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It’s now unclear how SANDAG will pay for the many transportation, transit and open space projects envisioned in Measure A, which the agency still wants to happen but doesn’t have funding for.
This post has been updated.
With the failure of Measure A, San Diego County is facing a big question of how to fund public transit and infrastructure.
The half-cent sales tax increase put on the ballot by the San Diego Regional Association of Governments to help fund transportation, infrastructure and open space projects, failed Tuesday. It fell short of the two-thirds votes it needed with only about 57 percent in favor.
While there were many uncertainties around what the measure would actually accomplish, now county officials will have to go back to the drawing board and figure out what other options are available – many of which may have to wait until 2020.
SANDAG projected the measure would bring in $18.2 billion for public transit, local infrastructure, highways and open space preservation. But there were big problems with that number. SANDAG’s previous tax hike, Transnet, is on track to produce billions less than promised. And in order to hit $18 billion, San Diegans would have had to spend far, far more money than they’ve spent at any point in the last 40 years.
Regardless, it’s now unclear how SANDAG will pay for the many projects envisioned in the measure, which the agency still wants to happen but doesn’t have funding for.
“The transit plans that are all in the regional plan and their operations funding is premised on a local measure,” said Colin Parent, policy director of Circulate San Diego, a transportation advocacy group that supported the measure. “The active transportation dollars in Measure A is above and beyond what is in the regional transportation plan. So whether those would be funded is a huge open question.”
Parent said that most federal and state funds require local jurisdictions to put up local matching funds.
“So if we want to see new transit funding, we need to see new dollars that San Diego can offer up,” he said.
Opponents of the measure said it didn’t do enough for public transit, had too many highway projects and wouldn’t help the county reach its carbon emission-reduction goals. They say there are options for a way forward.
“There isn’t just one path of trying to find funding,” said Nicole Capretz, executive director of San Diego’s Climate Action Campaign, one of the groups included in the coalition against Measure A. “It’s obviously premature to discuss some options, but there are a host of ideas and possibilities to explore.”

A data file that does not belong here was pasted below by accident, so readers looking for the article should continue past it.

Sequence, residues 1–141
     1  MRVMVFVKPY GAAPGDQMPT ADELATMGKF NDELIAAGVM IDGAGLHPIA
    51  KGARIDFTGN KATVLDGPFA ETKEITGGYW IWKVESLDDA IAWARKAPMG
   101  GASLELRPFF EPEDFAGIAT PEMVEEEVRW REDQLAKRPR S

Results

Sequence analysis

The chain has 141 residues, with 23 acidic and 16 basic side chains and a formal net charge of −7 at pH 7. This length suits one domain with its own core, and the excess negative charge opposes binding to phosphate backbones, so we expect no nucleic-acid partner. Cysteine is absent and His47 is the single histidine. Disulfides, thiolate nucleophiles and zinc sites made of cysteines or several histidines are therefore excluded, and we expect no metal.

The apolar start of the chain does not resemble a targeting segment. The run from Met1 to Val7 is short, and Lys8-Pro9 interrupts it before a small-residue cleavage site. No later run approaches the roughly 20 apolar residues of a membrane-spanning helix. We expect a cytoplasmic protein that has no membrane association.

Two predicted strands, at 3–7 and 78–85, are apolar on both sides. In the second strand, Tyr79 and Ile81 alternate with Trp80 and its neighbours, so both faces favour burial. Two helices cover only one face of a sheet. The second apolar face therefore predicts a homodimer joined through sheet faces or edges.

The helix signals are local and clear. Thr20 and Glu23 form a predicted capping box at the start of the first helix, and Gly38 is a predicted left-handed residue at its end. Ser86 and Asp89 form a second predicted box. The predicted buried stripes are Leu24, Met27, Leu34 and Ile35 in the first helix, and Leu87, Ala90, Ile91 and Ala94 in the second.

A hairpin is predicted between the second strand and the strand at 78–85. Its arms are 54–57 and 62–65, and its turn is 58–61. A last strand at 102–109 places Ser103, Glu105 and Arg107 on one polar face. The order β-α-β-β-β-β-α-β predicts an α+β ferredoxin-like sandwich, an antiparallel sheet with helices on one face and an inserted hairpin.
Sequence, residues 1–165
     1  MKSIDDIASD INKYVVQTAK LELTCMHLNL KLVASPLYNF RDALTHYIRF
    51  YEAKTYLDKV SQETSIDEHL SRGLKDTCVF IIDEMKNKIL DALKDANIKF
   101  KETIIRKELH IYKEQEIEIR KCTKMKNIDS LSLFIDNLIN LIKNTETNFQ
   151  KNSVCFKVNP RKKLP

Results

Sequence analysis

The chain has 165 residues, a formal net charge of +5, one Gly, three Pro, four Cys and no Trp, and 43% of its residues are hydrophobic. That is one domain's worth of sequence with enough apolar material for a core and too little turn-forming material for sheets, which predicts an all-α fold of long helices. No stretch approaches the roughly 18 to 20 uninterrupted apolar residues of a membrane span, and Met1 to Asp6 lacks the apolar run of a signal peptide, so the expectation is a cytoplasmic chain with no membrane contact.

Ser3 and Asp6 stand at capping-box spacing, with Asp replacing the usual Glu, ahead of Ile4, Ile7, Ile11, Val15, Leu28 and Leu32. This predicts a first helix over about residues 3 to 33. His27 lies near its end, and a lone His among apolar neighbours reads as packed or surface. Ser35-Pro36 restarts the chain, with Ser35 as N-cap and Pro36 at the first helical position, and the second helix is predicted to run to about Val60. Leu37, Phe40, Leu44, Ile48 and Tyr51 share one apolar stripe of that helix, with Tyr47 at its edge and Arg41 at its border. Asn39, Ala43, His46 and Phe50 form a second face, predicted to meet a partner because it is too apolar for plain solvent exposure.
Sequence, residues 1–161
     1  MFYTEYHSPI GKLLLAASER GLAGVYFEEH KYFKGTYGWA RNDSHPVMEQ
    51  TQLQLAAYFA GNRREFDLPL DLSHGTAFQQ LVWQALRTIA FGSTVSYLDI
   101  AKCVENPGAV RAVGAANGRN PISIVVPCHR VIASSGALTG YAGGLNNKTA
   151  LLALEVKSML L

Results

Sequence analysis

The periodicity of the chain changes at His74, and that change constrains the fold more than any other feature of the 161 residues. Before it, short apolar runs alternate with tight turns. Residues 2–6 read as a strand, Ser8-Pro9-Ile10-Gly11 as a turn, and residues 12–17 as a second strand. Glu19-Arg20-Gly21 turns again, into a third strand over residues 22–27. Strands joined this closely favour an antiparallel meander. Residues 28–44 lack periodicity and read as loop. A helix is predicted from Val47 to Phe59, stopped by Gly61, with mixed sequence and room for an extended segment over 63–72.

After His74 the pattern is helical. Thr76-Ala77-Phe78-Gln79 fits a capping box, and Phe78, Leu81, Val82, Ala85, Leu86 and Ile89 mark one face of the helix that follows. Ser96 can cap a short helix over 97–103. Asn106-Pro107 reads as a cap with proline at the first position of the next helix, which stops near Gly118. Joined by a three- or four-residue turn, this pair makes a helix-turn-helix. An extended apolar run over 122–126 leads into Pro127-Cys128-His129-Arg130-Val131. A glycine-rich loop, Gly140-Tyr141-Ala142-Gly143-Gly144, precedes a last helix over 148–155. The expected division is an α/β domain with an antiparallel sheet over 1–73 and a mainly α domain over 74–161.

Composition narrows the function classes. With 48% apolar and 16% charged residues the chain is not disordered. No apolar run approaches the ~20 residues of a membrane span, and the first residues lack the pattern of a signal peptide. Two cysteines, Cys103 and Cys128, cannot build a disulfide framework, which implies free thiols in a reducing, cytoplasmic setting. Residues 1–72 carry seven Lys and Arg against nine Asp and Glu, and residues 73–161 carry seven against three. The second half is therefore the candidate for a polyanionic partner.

The first option is the SANDAG board and other stakeholders going back to the table to create another countywide measure, which would likely go before voters in 2020. Presidential election years are thought to be the best shot for such measures to pass, since they require a supermajority of voters to go through, which is more likely when turnout is high.
Various state bills floated for the past couple of years would reduce the threshold from two-thirds to 55 percent or a simple majority for transportation and infrastructure tax measures to pass. There is also a case pending before the California Supreme Court that would determine whether a citizen’s initiative seeking to raise revenues for such matters would only need a simple majority.
Either of those could open up the opportunity for another tax measure to come before 2020.
Another potential option is to stop trying to seek funding countywide, and instead pursue smaller geographic areas.
hat could mean the Metropolitan Transit System, which operates in the city of San Diego, South Bay, East County, could put forth a measure just to fund its projects within that area. It could also mean that cities where public transit is more popular and more highly utilized, like in the city of San Diego and South Bay, could opt for local tax measures that they pool together for a pot of money that only those cities could access.
Even those measures may need to wait until 2020 to be able to garner enough votes to pass.
Opponents of Measure A could continue to lobby the SANDAG board to reallocate some of the money from another tax measure residents are currently paying, TransNet. One particularly problematic highway project to environmental justice and pro-transit groups is the widening of the I-5 South near National City.
A two-thirds vote by the SANDAG board could reallocate money for that project toward transit projects, though that may be difficult for many reasons, including that Transnet revenue has fallen short of projections so how much of that money is available is in doubt.
“It’s legally possible for SANDAG to amend the text of that Transnet extension, but there is certainly a broad hesitancy to do so because they want to maintain the trust of the voters who approved a set of projects in 2004,” Parent said. “Past amendments reflected a broad political consensus on the board and none of those included changing a specific project.”
One example of such a vote was to use TransNet to help finance the purchase of the State Route 125.
Regardless of how environmentalists and transportation advocates move forward after the failure of Measure A, Capretz said the coalition that was formed to oppose the measure is going to stay together.
Capretz said she hopes the coalition continues to grow broader and to include high-level elected officials, like San Diego’s mayor, to help make things happen.
“You’re seeing this coalition for the progressive movement,” Capretz said. “We haven’t been organized like this before. The coalition is staying together and we are committed to promote the same platform.”
Correction: An earlier version of this post misstated the areas where the MTS serves. In addition to providing transit in the city of San Diego and the South Bay, MTS serves East County, up through Poway.